IL - Chicago River has become invasive species super highway
Efforts to separate Great Lakes and Mississippi River basins
tanding on the banks of the Chicago River, you realize that maybe the best thing about this filthy waterway is that it was reversed over a century ago so it flows away from Lake Michigan instead of into it.
Water isn't even the first thing you notice where the river merges with a notoriously fouled little tributary, dubbed Bubbly Creek for the gases still belching from untold tons of cow carcasses dumped into it by the city's old stockyards.
Floating on the surface is the crinkly corpse of a pink Mylar balloon that's wrapped itself around a 40-ounce beer bottle. Nearby is a pumpkin stuck in the muck, orbited by an array of tampon applicators and plastic bottle caps. Just below a sewer pipe that excretes a septic stew when big rains hit, a boot floats sole-up next to a tennis shoe; if the pair were a match you'd fret they were attached to feet.
Above it all, gleaming in the midafternoon sunlight a few miles to the northeast, are the two white tusks atop the Willis Tower, pinnacle of Chicago's lakeshore skyline. The Chicago River no longer flows that direction, toward Lake Michigan - the city's drinking water source. It instead tumbles into a man-made canal that whisks it across a continental divide, away from the Great Lakes, and into the Mississippi River basin.
At least it does for now.
Some regional leaders have begun to explore a multibillion-dollar plumbing project to rechannel the Chicago River so it once again does what nature designed it to do - sustain Lake Michigan instead of drain it.
The threat of Asian carp swimming up the Chicago Sanitary and Ship Canal from the Mississippi River basin and into Lake Michigan spawned talked of re-engineering Chicago's waterways several years ago, but today it is more than talk.
A $2 million study by the Great Lakes Commission and a group representing the region's mayors provides the most detailed prescription yet on how to restore the natural divide between the Great Lakes and Mississippi basins that Chicago destroyed over a century ago in a desperate move to channel its sewage and industrial wastes away from the lake.
Today the region is feeling a different kind of desperation.
Biologists predict the number of unwanted organisms moving on the Chicago canal will only grow until the waterway is somehow plugged. And it is much more than a Great Lakes problem because biological pollution travels both directions on this invasive species superhighway.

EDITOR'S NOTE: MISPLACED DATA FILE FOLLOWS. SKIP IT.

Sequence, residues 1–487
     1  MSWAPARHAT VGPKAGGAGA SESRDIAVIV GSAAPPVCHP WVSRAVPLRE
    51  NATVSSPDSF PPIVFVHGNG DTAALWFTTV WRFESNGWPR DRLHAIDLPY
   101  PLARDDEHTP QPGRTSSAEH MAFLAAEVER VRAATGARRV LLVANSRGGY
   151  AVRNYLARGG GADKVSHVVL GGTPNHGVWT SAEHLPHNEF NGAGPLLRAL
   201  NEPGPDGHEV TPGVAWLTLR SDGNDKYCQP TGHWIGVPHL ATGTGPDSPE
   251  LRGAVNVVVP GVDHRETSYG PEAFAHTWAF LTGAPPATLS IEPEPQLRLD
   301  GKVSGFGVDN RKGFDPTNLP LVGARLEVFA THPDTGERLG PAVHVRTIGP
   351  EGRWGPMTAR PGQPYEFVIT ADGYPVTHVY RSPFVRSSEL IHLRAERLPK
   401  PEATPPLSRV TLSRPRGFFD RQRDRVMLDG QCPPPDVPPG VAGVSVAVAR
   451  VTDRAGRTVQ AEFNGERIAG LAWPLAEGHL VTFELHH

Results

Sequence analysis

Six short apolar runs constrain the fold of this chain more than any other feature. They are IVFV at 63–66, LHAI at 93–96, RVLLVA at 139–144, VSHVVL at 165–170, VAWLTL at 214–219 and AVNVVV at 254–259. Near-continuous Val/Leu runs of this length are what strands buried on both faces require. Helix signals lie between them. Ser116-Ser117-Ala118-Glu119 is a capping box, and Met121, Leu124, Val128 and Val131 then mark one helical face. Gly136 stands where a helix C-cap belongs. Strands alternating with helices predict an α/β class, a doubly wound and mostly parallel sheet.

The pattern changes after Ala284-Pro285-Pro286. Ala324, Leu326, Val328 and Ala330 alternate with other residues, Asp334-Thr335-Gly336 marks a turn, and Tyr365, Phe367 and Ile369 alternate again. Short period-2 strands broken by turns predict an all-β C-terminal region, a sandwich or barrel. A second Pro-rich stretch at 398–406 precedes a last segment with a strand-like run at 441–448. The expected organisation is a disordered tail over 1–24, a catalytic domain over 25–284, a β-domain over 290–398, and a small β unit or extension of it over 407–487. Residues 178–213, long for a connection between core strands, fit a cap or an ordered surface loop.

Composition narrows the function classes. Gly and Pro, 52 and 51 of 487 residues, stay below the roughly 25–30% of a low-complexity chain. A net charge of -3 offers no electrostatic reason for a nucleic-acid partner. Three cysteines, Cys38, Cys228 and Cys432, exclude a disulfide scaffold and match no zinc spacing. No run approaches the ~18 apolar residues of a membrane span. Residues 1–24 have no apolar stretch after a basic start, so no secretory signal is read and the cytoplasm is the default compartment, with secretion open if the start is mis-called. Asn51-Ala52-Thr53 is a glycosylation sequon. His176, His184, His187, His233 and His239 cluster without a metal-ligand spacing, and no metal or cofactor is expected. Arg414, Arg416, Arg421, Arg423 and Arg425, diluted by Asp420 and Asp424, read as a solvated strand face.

Not only do rapacious Asian carp threaten to unleash havoc on the lakes' multibillion-dollar fishery, but some troublemakers such as pipe-clogging zebra and quagga mussels already have ridden canal waters in the opposite direction - out of the Great Lakes and into the Mississippi basin. From there they have hitched rides on recreational boats towed over the Rocky Mountains and now plague irrigation and hydroelectric systems across the West.
The cost of these unwanted organisms is hard to comprehend, but it is growing. The U.S. Fish and Wildlife Service predicts that if the fingernail-sized zebra and quagga mussels get into the Northwest's Columbia River hydroelectric dam system, they could do more than a quarter-billion dollars in damage. Per year.
Other noxious invaders are poised to make the same trip. A fish-killing virus now menacing the Great Lakes could do incalculable damage were it to slip down the canal and into the South's aquaculture industry.
In this sense, the Chicago canal system isn't so much a waterway as it is an open wound.
"This is not about Asian carp," said Peter Annin, a Great Lakes author who is managing director of the University of Notre Dame's Environmental Change Initiative. "This is about two artificially connected watersheds that many people argue never should have been connected."
Fixing the problem would be a massive public works project that would likely cost at least $4 billion and take years to accomplish. But beyond stopping invasive species, it could lead to dramatic improvements in water quality and flood control, as well as fuel a navigation boom on Chicago's increasingly neglected canal network.